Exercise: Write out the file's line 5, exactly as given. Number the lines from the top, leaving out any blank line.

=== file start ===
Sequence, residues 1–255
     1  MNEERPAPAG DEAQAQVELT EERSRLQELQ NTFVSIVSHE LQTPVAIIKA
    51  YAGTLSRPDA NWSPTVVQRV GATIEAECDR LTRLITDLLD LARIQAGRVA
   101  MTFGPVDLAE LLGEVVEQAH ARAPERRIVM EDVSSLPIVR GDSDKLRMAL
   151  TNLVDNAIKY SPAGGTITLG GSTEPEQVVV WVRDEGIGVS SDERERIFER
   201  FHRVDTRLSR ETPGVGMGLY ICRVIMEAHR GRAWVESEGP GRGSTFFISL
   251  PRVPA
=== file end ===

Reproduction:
   151  TNLVDNAIKY SPAGGTITLG GSTEPEQVVV WVRDEGIGVS SDERERIFER